Protecting Public Health and the Environment.

Clean Air Zone Program for Schools

DEQ's Anti-Idling Program

The Clean Air Zone Program is designed to encourage Idahoans to turn off their engines instead of idling. The program began in 2004 with a campaign aimed at encouraging school bus drivers and others not to idle on school grounds. To date, more than 300 Idaho schools and child care facilities have voluntarily joined the program.

In 2006, the program expanded to discourage vehicle idling at community facilities where idling is common, such as airports, libraries, parks, sports areas, and universities. To date, more than 30 Idaho communities have joined the program.

Subsequent efforts have focused on encouraging businesses to join the Clean Air Zone program. Businesses with delivery vans or truck fleets are great candidates for participation in the program, as are businesses with loading docks or drive-through lanes or parking lots where vendors or customers often sit and idle.

The goals of Clean Air Zone for schools are to:

  • Provide a healthier environment for Idaho's school-children by reducing
    emissions from diesel-powered school buses and other vehicles;
  • Improve air quality in and around school buildings and throughout local
    communities; and
  • Assist school districts in obtaining funding to use cleaner fuels, replace existing buses with cleaner models, and/or retrofit buses with advanced emission control technologies.

Health Impacts of Diesel Exhaust

Diesel exhaust aggravates asthma, emphysema, and bronchitis, according to the U.S. EPA, and exacerbates allergies. Based on human exposure studies as well as lab data, EPA has concluded that diesel is a probable carcinogen.

While dropping off or picking students up from school and waiting, idling buses and vehicles emit fine particulate matter and other air pollutants, which can impact air quality and public health. Bus idling and bus queuing can further increase the concentrations of particulates both inside school buses and inside nearby buildings. Although breathing diesel exhaust may not measurably impair lung function in adults, studies show that particulate pollution can impair the development of lungs in children. Fortunately, schools can take several steps to reduce diesel exhaust from school buses.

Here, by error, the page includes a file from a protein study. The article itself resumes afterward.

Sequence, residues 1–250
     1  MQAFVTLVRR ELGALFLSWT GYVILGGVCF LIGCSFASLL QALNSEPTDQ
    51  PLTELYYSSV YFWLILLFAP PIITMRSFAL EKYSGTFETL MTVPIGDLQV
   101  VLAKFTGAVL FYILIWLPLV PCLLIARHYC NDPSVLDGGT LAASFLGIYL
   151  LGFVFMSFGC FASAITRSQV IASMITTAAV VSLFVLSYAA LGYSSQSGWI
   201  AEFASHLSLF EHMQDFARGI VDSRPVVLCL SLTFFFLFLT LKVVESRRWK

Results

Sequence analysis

Things Your School Can Do

Reduce Exposure

  • Establish guidelines to reduce or eliminate idling of buses and other vehicles.
  • Park buses away from children's gathering places and building intake vents.
  • Inform parents and other vehicle users of no-idling policies in front of schools, especially during periods when large numbers of children are present (pickup and drop-off times).
  • Create a clean air zone around your school to comprehensively address children's exposure to air pollution.

Use Alternative Fuels

Using cleaner fuels is one way existing buses can be upgraded (or "retrofitted") to pollute less. Possible alternative fuel options include:

  • Biodiesel Fuels: Biodiesel, a mixture of diesel fuel with soybean or vegetable oil-based products, can reduce fine particulate emissions by up to 10%, and also may reduce the toxicity of diesel emissions. A standard diesel engine can operate on biodiesel mixtures of up to 20% without physical modifications. The incremental cost of 20% biodiesel typically ranges from 12-20 cents per gallon.
  • Ultra-Low Sulfur Diesel: ULSD has significantly less sulfur content, which results in up to 10% reductions of fine particulates, and can be used in any diesel vehicle. The additional cost of ULSD ranges from 8-20 cents per gallon.

Take Advantage of Bus Retrofit and Purchase Programs

Across the country, local school districts have purchased more than 2,600 clean alternative fuel buses over the past few years. With the increase in federal funding under the Clean School Bus Program, the opportunity has never been better for Idaho schools to participate in this nationwide program. DEQ is committed to helping Idaho schools in finding and applying for funds to:

  • retrofit buses with new technologies
  • replace old buses with new cleaner buses
  • repair and maintain existing buses to run safe and clean
  • Participate in Idaho's School Bus Diesel Retrofit Program: Idaho's Diesel Retrofit Program is a statewide effort to retrofit school buses with new technologies designed to reduce emissions. For information or to join, contact G. Michael Brown at (208) 373-0232 or

Join the Clean Air Zone Program

Take a pledge to "get into the zone." Participating schools receive a Clean Air Zone Toolkit (download below), technical and policy assistance, and information on funding opportunities.

Clean Air Zone Toolkit for Schools

The Clean Air Zone Toolkit is comprised of the following informational materials which may be downloaded in PDF format: